Fleet Industry and Fleet Technology Glossary

Your A to Z reference list of all things fleet.

A

  • Active tracking

    Real-time monitoring of vehicle location and movement.

  • API (Application Programming Interface)

    A set of tools that allows different software programs to communicate and share data.

  • Asset tracking

    Monitoring the location and status of non-vehicle fleet assets.

  • AVL (Automatic Vehicle Location)

    An older term for real-time vehicle tracking using GPS technology.

B

  • BMS (Battery Management System)

    A system that monitors and manages the battery health and performance of electric vehicles.

  • Breakdown management

    The process of handling vehicle breakdowns, including dispatching assistance and minimising downtime.

  • Bulk fuel purchasing

    Strategies for buying fuel in large quantities to potentially reduce costs.

C

  • Compliance

    Ensuring fleet operations adhere to laws and regulations governing fleet operations, such as driver hour limitations or emissions standards.

  • Connected vehicle

    A vehicle equipped with technology that allows it to communicate and exchange data with other vehicles, infrastructure, and fleet management systems.

  • CSA (Compliance, Safety, Accountability)

    A program in the United States by the FMCSA (Federal Motor Carrier Safety Administration) that evaluates the safety performance of commercial motor carriers.

  • Cycle time

    The average time it takes to complete a specific task within the fleet, such as a delivery or preventive maintenance service.

  • CO2 emissions

    Carbon dioxide emissions generated by vehicle operation, a key factor in environmental regulations.

D

  • Data visualisation

    Presenting fleet data in a clear and easy-to-understand format, often using charts and graphs.

  • Driver behavior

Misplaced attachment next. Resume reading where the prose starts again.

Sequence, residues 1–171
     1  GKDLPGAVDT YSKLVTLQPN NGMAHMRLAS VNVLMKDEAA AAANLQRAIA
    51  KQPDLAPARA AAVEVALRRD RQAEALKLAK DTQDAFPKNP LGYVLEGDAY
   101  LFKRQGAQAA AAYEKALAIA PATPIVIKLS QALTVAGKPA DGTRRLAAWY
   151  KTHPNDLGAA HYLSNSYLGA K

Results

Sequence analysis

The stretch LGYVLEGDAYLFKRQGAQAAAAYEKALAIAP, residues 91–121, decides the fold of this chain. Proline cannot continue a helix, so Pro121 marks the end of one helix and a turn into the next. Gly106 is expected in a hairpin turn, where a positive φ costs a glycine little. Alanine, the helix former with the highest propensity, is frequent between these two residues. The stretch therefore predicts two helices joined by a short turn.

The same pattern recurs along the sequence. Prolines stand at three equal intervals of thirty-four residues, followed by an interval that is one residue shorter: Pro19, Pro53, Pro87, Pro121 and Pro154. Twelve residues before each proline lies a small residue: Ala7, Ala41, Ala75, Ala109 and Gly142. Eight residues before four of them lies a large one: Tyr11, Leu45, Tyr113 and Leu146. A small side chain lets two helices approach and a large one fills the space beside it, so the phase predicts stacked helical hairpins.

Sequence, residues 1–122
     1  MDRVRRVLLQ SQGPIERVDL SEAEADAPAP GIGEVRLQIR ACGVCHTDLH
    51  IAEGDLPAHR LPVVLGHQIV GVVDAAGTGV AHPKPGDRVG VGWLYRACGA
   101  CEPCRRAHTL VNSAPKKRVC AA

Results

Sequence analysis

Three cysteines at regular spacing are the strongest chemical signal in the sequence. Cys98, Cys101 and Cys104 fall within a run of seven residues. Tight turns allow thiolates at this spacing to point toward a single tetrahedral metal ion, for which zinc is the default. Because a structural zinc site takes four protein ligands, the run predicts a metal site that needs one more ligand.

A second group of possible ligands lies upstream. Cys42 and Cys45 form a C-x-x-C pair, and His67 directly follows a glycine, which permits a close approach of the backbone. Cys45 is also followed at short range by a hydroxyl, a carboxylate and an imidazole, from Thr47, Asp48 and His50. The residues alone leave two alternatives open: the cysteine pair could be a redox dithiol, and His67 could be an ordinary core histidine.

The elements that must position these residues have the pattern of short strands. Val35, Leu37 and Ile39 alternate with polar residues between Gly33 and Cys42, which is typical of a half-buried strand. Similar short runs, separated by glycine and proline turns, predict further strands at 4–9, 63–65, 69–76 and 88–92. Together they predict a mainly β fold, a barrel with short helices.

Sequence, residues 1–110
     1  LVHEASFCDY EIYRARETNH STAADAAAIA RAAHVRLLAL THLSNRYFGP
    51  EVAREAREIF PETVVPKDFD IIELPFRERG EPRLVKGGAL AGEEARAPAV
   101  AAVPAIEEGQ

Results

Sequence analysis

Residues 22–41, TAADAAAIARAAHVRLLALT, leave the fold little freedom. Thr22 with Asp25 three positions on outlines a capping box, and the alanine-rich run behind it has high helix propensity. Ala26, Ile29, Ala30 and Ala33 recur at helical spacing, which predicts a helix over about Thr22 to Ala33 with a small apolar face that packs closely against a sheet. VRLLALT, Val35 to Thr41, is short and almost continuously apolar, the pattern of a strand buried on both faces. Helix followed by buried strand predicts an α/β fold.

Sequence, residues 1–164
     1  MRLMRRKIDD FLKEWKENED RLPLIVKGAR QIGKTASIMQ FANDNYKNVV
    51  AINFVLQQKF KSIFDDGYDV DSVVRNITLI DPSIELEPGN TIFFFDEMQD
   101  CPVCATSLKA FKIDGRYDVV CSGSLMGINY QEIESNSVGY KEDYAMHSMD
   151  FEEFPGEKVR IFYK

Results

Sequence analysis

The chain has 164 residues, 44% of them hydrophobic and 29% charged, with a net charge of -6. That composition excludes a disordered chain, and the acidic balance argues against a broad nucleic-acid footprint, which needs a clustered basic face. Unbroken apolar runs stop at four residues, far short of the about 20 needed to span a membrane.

How drivers operate vehicles, including speed, braking, and adherence to safety rules, crucial for efficiency and safety

  • Driver behavior monitoring

    Tracking and analysing driver habits to improve safety and fuel efficiency.

  • Dispatching

    The process of assigning tasks or jobs to drivers and vehicles in real-time.

  • Driver scorecards

    Metrics and ratings used to evaluate driver performance based on various factors such as safety, efficiency, and compliance.

  • Data ingestion

    The process of collecting and importing raw data from various sources, such as telematics devices, into a centralised system for analysis and processing.

  • Driver ID

    Unique identification assigned to drivers within a fleet management system for tracking and monitoring purposes.

  • Downtime

    The period when a vehicle is unavailable for use due to maintenance, repairs, or breakdowns.

E

  • ELD (Electronic Logging Device)

    An electronic hardware attached to a commercial motor vehicle engine that automatically records driving hours and compliance with regulations.

  • Electric Vehicle (EV)

    A vehicle powered by an electric battery, with lower emissions than traditional gasoline or diesel vehicles.